An off-piste feast in beautiful Bergamo

David Roy explores the Italian city of Bergamo and its surrounding region, discovering a direct flight vacation with skiing, sightseeing, good food and an abundance of natural beauty

The Italian city of Bergamo is split into two levels

WHEN Ryanair offered me the chance to visit Milan, I couldn't say "si grazie" quick enough. After all, who wouldn't want to spend a few days absorbing that oh-so fashionable northern Italian city, with its abundance of high-end restaurants, designer shopping and beautiful architecture?

However, then I read the email more closely: "Educational tour of Bergamo, San Pellegrino and the ski resorts of the area."

My enthusiasm wavered. I'd heard of San Pellegrino – big fan of their carbonated beverages – but 'Bergamo'? Was that Italian for 'Milan'?

Actually, it's 'Ryanair' for Milan: The budget Irish carrier's European hub is based at Orio Al Serio International Airport just outside Bergamo, a city 40km northeast of Milan and 30km from the ever popular Lake Como.

Michael O'Leary's airline cannily refer to their Euro-base as 'Milan Bergamo', now accessible via direct flights from both Belfast International and Dublin Airport.

Located in the Lombardy region, Bergamo has been traditionally sold as a budget skiing destination: 130 slopes are on offer across various resorts in the nearby Bergamask Mountains, all within easy driving distance. However, the region also has plenty to offer non-skiers who fancy a cheap food, drink and culture-packed break.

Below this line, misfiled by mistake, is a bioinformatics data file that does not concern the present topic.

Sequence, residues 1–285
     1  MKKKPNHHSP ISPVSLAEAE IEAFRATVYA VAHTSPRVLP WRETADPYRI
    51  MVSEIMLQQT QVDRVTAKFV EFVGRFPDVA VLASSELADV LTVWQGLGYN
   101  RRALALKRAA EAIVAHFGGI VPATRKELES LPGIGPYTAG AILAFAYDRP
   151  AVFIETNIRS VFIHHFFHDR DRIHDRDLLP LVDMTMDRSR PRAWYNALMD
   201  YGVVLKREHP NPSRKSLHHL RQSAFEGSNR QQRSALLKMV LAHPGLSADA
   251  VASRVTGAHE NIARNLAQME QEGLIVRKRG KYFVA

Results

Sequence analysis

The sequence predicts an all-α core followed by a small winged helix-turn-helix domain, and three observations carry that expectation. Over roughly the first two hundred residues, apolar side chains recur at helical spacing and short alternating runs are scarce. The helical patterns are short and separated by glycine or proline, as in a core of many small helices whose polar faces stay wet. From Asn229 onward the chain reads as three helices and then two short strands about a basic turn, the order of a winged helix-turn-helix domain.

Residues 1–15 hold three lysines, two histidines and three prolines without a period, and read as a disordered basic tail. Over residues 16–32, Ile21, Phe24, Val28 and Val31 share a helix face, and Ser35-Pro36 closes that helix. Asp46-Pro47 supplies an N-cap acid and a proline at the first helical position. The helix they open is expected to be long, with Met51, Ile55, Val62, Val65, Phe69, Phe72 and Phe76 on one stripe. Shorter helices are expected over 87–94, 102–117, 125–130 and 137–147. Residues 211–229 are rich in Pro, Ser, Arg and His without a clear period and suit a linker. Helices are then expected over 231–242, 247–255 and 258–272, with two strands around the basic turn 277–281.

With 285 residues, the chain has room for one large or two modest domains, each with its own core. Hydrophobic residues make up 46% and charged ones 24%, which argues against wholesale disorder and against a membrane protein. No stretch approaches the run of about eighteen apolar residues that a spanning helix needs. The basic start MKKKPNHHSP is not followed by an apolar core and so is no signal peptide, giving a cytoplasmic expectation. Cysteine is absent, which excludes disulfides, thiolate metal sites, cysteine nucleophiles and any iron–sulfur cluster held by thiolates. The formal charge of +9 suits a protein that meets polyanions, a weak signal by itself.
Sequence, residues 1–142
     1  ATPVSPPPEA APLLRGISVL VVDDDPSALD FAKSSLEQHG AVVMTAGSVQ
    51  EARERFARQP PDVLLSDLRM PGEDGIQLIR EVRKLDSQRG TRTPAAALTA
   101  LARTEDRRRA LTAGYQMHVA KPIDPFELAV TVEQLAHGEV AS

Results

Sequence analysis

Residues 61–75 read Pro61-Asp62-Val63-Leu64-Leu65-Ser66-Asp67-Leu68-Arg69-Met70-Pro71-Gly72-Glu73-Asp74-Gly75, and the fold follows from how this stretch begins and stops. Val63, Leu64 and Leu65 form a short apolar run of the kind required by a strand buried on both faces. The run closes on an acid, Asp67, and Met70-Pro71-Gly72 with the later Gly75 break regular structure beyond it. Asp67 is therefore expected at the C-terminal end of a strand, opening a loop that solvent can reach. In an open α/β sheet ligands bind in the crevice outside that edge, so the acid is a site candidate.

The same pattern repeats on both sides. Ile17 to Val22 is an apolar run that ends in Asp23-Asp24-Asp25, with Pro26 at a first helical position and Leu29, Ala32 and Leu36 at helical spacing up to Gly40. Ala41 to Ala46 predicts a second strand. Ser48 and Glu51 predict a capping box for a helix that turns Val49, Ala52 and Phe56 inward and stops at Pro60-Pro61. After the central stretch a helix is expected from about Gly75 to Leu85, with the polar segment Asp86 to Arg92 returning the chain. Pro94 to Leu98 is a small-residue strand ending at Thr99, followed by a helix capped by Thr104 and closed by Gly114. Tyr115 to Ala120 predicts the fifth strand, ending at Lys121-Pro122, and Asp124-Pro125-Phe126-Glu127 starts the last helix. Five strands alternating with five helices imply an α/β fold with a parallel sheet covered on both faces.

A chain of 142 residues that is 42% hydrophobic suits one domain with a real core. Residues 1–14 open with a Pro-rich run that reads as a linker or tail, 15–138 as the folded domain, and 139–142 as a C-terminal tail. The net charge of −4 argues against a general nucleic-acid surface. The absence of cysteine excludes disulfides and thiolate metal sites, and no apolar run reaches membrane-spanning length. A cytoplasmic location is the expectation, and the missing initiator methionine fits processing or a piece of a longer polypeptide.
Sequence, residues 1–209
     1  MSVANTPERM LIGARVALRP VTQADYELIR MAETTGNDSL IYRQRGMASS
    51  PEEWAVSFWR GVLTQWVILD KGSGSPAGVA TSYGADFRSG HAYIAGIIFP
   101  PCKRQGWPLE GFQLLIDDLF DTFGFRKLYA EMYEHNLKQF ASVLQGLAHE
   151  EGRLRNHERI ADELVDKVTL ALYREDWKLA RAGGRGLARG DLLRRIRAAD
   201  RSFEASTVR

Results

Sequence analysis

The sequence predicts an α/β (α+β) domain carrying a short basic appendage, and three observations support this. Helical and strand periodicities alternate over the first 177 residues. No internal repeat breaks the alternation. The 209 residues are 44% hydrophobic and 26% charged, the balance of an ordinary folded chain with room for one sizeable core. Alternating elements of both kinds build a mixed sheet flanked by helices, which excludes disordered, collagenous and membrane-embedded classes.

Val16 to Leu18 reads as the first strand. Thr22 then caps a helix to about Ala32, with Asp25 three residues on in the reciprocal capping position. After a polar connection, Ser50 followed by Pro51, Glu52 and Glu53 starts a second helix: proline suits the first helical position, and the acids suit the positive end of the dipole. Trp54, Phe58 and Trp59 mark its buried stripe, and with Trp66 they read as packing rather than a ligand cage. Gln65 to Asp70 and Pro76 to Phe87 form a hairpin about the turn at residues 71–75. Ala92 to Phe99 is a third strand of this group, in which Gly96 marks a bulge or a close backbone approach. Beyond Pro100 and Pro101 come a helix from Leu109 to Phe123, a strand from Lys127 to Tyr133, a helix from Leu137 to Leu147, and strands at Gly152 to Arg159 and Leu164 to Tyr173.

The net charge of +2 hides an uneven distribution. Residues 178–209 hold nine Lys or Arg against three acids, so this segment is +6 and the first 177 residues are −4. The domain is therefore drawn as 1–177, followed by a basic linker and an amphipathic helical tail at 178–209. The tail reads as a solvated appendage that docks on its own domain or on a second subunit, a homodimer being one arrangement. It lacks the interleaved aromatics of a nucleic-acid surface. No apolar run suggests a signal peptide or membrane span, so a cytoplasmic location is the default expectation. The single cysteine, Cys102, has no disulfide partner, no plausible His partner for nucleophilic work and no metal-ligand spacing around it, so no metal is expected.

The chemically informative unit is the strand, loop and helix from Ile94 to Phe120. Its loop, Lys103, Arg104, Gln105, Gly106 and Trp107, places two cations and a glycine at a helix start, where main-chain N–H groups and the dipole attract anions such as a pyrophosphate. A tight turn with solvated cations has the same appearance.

With a population of around 120,000, Bergamo itself is a 'split level' city: the Venetian walled upper town, 'Citta Alta', is situated on a hillside above the more modernised commercial and business district, 'Citta Bassa', offering panoramic views of the region beyond.

Pleasingly for the first-time tourist, the direct Airport Bus service to Bergamo (buses depart every 20 minutes, tickets priced from €2.30) terminates at the funicular train station from which you can access the 128-year-old hill-side rail link between the two levels.

Grab yourself a free city map from the Turismo Bergamo office in the airport arrivals hall before you set off and you'll be ready to go exploring.

Caffe della Funicolare at the train station has a terrace boasting terrific views of the city below, making it an ideal spot to get your bearings over a quick espresso.

Citta Alta offers an abundance of cobbled medieval streets lined with quirky independent boutiques and traders operating from premises which have retained their historic features – in some cases, you can actually view the ancient foundations on display beneath special perspex floors as you browse your way toward the 'heart' of the upper town, Piazza Vecchia.

This large plaza is lined with cafes and restaurants, making it something of a social hub. With the ornate Contarini Fountain at its centre, Piazza Vecchia is home to Bergamo's former town hall, Palazzo Nuovo, now the archive of the Angelo Mai Library, while the 52m tall Campanone bell-tower offers a bird's eye views of the city and surrounding valleys.

The nearby Piazza Duomo will reward visitors of faith with the opportunity to take in Bergamo's religious core: a grand cathedral which actually features two churches in one – Duomo Bergamo and Sant'Alessandro Cathedral – and the Santa Maria Maggiore Basilica.

During our visit to Citta Alta, we lunched in the family owned Mimmo, the city's oldest pizzeria which has earned an excellent reputation while serving its trademark PDO Margherita and other tasty locally sourced traditional food over the past 60 years.

However, there's no shortage of eating options: quaint cafe/restaurant La Marianna offers a superb selection of local sweet treats, while gastronomes won't want to miss the funky bistro Mille Storie e Sapori in the lower town with its modern twists on classic Italian dishes and dangerously extensive wine list – be sure to try a glass or six of the delicious local Valcalepio red and/or white.